1. Bravo on your ultra-minimalist supply kit! My equivalent is a fountain pen with water-soluble ink, waterbrush, a water-soluble marker and a small handmade sketchbook (http://www.tina-koyama.blogspot.com/2014/05/what-i-would-take-to-gilligans-island.html). Alas, that's only for when I take a walk. . . if I'm actually "traveling" (out of the country, state or neighborhood), I take the full mother lode. ;-)

    - Tina

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    1. Thanks, Tina! I'd probably add a waterbrush to my kit too if I was planning to do more sketching... and perhaps some sort of inks/paints as well. I wish I could sketch more often while travelling, but somehow it never happens...

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  2. I've never had the knack for writing while on vacation either. I'd tell myself I'll be free of pressures and distractions, but nothing happens.

    Those zip-around portfolios that hold writing pads, pens in pen loops, pockets for partially finished work, etc., are super-handy for me for travel. They're sort of a middle ground between a pad-holder and briefcase. Good portfolios that hold 8 1/2" X 14" legal pads are pretty rare and costly, which is why I haven't replaced my old one. Jack/Ohio

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    1. I don't have pressures or distractions on my vacations, just a complete lack of motivation to do anything other than sit, read, walk, and do sudoku puzzles... then again, that's probably what a vacation should be like.

      I think I've owned a few similar portfolio-things like that in the past (maybe not exactly as you describe, but similar). They came in handy while I was in school so I could avoid carrying bulky binders with me to class.

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    2. I like a portfolio for keeping work together even at home. I'll write in the kitchen for a while. If I want to relocate to my desk, I just toss everything into the portfolio.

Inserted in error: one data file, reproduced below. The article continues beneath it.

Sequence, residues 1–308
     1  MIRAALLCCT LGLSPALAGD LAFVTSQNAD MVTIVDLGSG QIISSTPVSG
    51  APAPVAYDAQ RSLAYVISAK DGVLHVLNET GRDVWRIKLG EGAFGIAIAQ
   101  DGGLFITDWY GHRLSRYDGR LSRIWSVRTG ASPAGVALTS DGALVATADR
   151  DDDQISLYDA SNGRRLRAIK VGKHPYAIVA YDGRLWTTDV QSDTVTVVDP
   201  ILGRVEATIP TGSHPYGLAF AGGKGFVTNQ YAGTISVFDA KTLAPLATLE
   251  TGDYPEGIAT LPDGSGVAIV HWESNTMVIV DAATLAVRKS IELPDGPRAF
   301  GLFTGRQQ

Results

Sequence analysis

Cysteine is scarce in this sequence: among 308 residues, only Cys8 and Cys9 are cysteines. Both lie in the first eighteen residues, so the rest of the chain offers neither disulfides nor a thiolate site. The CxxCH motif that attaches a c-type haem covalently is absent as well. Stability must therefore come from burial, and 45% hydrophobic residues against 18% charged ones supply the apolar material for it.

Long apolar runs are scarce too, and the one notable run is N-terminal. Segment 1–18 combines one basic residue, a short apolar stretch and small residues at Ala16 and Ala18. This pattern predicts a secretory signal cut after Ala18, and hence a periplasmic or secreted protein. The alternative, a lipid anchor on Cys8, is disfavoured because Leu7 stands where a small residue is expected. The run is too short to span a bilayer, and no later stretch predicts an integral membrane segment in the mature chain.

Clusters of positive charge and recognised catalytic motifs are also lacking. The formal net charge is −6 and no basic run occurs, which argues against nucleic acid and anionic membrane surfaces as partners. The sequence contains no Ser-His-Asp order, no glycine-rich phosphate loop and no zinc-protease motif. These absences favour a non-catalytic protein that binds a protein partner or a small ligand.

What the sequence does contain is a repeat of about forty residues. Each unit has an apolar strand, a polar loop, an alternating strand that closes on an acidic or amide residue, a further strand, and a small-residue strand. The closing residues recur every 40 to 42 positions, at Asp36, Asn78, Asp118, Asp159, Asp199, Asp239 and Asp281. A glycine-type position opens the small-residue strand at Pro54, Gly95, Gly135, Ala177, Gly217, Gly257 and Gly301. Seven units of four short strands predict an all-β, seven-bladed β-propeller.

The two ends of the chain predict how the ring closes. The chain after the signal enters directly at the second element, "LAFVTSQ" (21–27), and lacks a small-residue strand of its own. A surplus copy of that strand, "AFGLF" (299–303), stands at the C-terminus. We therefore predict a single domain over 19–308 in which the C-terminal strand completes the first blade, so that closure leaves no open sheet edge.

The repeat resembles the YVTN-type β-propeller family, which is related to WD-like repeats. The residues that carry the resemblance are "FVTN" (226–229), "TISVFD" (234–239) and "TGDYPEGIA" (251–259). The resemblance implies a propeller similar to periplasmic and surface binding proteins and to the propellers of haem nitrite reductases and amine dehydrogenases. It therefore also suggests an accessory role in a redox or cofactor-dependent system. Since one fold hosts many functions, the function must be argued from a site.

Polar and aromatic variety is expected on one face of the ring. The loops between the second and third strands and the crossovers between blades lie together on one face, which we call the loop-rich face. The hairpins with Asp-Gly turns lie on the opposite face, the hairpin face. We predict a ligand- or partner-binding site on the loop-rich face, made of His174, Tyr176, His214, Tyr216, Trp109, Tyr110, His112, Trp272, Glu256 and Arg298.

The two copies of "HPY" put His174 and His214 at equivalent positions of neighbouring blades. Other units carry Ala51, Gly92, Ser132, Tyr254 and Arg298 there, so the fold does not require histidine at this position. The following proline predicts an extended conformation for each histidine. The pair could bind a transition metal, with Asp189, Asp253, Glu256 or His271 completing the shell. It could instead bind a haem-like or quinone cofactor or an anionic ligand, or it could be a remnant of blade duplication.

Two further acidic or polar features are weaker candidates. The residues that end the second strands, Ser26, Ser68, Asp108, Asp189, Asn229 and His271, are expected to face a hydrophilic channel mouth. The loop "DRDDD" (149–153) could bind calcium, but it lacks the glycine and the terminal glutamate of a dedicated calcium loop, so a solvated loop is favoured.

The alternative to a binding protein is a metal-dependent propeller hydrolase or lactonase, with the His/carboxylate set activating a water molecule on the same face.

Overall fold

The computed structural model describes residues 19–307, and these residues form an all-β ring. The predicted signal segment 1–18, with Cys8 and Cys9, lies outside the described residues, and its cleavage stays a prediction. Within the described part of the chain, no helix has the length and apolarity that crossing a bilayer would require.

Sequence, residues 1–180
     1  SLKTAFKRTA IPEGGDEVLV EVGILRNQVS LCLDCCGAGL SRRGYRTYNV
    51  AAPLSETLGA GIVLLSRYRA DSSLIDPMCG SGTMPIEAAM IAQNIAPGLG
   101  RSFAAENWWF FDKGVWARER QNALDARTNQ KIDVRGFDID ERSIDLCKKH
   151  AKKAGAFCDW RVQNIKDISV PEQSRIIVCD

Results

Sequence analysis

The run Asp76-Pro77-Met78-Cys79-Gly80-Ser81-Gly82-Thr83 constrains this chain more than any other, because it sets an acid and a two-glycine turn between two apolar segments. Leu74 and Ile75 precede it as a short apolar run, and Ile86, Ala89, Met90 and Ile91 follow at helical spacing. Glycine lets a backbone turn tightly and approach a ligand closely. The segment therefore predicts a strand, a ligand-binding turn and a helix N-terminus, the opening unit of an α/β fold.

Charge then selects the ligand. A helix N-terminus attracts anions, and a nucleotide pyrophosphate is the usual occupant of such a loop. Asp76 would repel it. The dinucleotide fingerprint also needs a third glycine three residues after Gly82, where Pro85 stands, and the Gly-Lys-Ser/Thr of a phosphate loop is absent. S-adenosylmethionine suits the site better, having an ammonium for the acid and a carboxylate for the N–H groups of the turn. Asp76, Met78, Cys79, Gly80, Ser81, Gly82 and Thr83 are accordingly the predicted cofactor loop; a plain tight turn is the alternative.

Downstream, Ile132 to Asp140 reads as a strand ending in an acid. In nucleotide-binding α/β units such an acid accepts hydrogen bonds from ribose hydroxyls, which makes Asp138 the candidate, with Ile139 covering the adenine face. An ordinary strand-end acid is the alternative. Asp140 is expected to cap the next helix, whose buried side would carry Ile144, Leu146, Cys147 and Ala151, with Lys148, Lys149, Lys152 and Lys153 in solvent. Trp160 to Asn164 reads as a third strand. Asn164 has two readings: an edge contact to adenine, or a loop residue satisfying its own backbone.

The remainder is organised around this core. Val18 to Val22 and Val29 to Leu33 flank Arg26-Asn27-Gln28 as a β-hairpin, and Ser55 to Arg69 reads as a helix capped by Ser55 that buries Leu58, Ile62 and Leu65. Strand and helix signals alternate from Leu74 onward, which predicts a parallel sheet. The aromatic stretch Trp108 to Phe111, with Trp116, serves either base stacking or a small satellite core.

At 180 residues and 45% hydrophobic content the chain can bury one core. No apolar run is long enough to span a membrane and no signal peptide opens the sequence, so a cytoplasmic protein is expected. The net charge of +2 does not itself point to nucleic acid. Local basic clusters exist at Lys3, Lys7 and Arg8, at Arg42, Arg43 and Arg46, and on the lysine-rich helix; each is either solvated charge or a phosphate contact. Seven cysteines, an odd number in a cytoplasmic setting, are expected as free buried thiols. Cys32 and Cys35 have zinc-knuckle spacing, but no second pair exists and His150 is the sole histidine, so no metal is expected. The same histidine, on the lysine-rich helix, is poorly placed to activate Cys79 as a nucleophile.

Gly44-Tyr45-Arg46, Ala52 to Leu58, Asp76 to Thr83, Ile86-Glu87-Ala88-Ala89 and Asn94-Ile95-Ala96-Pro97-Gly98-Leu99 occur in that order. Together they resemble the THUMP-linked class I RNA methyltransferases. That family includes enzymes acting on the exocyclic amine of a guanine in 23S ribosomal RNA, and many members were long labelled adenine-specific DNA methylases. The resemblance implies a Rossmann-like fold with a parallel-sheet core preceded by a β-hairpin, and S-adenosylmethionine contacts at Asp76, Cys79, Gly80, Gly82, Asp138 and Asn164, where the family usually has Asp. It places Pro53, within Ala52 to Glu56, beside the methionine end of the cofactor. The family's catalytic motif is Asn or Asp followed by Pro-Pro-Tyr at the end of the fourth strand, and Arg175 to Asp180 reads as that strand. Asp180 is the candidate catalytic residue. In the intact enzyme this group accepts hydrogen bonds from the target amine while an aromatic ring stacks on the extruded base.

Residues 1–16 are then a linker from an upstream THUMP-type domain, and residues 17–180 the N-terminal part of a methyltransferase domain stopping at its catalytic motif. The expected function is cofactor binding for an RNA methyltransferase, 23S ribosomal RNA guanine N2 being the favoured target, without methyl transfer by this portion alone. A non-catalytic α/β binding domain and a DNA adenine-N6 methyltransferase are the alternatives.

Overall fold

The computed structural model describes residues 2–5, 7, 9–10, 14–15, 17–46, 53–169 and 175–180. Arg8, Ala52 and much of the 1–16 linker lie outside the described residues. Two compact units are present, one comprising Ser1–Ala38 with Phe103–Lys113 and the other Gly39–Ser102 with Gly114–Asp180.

I'm pretty economy-minded, but the low-end portfolios I've seen seem to be poorly made, and no bargain at all. Jack/Ohio

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  3. Heather the horror! No fountain pen? just kidding. Nice kit. I would probably supplement it with one of the new Nock Co cases that would hold everything I see in your pic. I'm not a big writer on vacation either but I always take an FP and my travel journal to jot down my memories of the trip like funny experiences, good places to eat etc.

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    1. Haha, nope, no fountain pen. I wouldn't use it enough to justify bringing one (and probably ending up with the ink drying up inside).

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  4. Where did you get the green pencil case you refer to in the other post. I have been looking for something just like that and cannot find one. I need it!

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    1. I have no idea where I got it! It was given to me by my parents probably at least 15 years ago, and I can't recall ever seeing one like it anywhere else. Sorry that I can't help you...

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    2. Oh well, thanks for answering.